Sustainable Shetland has secured a court order capping its legal costs ahead of a legal challenge against the Viking windfarm.
The group is seeking to have the Scottish government’s decision to grant consent for 103 large turbines in the isles overturned.
It has secured an order limiting its potential expenses ahead of its battle against the project.
Viking Energy’s windfarm has attracted objections following concerns over the possible impact on the landscape and on the whimbrel, a protected migratory wading bird.
The campaign group maintains that ministers acted unlawfully or unreasonably in not holding a public inquiry before giving the go-ahead for the project. They have raised proceedings for a judicial review of the Scottish ministers’ decision at the Court of Session in Edinburgh.
Making the judgement on Friday Lord Doherty said he considered it appropriate to make a protective expenses order limiting the group’s potential liability to £5,000 with a cap of £30,000 put on the ministers’ expenses.
Sir Crispin Agnew of Lochnaw QC, for the campaigners, said the major challenge was in relation to the impact of the development on the whimbrel which is protected under a birds directive.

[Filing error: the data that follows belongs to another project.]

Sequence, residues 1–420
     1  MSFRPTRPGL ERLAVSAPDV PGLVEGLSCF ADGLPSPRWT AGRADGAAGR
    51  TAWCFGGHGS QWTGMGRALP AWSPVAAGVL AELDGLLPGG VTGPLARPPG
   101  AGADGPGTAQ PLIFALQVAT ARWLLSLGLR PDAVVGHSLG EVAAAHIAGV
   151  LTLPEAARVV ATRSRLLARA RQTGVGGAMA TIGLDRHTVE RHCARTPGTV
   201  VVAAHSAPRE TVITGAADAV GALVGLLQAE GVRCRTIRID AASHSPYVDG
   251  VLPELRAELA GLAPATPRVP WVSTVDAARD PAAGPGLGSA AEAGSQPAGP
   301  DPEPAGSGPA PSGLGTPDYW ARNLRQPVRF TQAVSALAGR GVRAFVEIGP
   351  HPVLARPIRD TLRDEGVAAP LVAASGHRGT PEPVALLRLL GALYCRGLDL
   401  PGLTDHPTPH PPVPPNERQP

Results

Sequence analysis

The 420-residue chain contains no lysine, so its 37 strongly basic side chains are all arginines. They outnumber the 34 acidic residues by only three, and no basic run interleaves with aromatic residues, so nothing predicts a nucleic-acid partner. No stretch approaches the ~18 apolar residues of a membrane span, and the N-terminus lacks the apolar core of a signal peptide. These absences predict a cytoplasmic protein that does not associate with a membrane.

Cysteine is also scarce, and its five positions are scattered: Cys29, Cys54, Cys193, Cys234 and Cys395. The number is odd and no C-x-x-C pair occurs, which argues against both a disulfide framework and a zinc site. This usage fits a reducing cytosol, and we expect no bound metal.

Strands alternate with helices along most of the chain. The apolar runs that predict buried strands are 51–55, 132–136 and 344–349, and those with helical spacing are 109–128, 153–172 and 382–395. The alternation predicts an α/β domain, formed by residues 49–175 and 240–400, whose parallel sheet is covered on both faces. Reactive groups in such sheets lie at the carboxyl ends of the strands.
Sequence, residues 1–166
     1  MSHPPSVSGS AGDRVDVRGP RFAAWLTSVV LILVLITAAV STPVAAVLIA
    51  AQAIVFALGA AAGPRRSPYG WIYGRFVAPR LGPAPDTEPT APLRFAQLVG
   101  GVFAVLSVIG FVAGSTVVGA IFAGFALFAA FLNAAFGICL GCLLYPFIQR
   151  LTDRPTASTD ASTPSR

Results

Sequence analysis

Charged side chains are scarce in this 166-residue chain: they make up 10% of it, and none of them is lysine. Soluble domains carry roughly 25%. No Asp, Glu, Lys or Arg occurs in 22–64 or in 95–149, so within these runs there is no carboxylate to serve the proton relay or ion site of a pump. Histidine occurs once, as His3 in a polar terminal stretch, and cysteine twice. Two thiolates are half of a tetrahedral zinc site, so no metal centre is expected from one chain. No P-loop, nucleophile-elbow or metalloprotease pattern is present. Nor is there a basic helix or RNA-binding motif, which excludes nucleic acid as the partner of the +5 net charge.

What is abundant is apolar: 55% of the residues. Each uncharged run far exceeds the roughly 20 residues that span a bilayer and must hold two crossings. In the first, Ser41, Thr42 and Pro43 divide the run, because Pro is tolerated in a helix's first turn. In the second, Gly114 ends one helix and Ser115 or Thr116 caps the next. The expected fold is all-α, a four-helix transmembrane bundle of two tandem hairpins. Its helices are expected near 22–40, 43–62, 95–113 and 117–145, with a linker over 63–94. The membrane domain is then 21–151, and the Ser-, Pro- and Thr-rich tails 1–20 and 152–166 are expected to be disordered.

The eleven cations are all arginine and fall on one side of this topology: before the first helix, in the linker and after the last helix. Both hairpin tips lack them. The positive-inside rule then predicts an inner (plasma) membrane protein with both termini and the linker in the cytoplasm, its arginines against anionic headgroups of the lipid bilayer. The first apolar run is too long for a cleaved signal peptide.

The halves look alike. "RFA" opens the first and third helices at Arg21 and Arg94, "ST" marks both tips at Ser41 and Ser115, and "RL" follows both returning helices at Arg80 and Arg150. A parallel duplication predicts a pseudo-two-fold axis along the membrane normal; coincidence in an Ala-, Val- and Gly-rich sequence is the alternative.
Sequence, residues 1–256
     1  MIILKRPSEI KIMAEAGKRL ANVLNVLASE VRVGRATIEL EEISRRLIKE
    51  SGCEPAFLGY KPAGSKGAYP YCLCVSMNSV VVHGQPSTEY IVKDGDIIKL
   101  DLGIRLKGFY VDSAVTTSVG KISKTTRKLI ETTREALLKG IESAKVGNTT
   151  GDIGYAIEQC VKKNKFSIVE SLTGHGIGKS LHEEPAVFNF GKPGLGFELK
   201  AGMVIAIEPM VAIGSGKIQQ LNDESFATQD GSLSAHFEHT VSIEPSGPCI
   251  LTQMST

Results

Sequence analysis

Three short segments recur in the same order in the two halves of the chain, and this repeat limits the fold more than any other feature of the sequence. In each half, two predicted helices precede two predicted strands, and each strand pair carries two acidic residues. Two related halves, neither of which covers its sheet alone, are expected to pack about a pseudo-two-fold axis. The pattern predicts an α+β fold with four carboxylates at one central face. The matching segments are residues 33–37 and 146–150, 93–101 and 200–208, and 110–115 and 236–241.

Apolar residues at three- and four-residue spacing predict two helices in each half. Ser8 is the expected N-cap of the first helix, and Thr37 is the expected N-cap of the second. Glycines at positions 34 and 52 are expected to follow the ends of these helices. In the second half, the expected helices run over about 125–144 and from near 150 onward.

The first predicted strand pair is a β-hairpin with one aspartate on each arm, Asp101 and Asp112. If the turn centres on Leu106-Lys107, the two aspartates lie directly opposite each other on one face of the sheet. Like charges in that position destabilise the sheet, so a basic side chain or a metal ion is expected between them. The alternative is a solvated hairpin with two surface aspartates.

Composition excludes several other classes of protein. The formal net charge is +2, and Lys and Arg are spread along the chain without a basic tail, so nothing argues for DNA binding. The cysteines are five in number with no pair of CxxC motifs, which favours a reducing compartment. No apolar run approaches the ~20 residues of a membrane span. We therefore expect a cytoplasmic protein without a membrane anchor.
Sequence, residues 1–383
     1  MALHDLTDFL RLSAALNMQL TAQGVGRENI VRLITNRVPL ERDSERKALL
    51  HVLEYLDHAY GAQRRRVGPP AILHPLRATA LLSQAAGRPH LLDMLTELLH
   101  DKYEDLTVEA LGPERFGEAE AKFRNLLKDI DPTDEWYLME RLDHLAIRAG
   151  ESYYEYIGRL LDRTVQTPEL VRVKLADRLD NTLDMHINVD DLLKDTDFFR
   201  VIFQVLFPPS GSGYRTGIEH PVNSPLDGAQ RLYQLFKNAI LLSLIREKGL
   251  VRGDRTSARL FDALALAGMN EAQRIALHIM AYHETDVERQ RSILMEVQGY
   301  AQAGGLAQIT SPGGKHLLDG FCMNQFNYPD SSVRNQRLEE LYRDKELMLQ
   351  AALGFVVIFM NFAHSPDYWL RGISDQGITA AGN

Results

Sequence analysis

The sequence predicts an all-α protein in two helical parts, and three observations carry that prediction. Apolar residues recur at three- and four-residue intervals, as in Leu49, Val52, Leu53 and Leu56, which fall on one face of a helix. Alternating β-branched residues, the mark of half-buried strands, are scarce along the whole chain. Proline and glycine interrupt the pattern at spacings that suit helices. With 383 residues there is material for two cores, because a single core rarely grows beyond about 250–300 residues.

“We are talking about a wind farm which is the equivalent of five normal wind farms,” he told the court.
In arguing for the protective costs order he said Sustainable Shetland had no interest except in protecting the public interest and added: “They have no economic interest in the outcome.”
In the action it is claimed Scottish ministers failed to give proper consideration to objections over the windfarm and all other material considerations in deciding not to have a public inquiry. It is also claimed they failed to give adequate reasons for not having one.
They are also said to have failed to take account of the impact of the development on the whimbrel and their duties under the birds directive.
It is also argued they could not reasonably have decided the relevant factual background to establish the scientific facts over the protection of the bird without an inquiry.
Campaigners say the decision letter over the Viking project failed to properly address landscape objections raised over the development.
The campaign group’s chairman, Andrew Halcrow, said: “Sustainable Shetland welcomes the decision of the Scottish Court of Session to grant a protective costs order to Sustainable Shetland in respect of the Judicial Review of the Scottish ministers’ decision to grant planning permission for the Viking Windfarm, with a cap on liability to Sustainable Shetland of £5,000 for ministers’ legal costs, and a reciprocal cap for their liability of £30,000 for our legal costs, and with no liability to Sustainable Shetland for Viking Energy Partnership’s legal costs.
“We have no further comment at this time.”
When approval for the Viking wind farm was given in April this year Energy Minister Fergus Ewing claimed it would “bring enormous benefits to the people of Shetland”.
The project, the third biggest in Scotland, was said to be capable of powering more than 175,000 homes.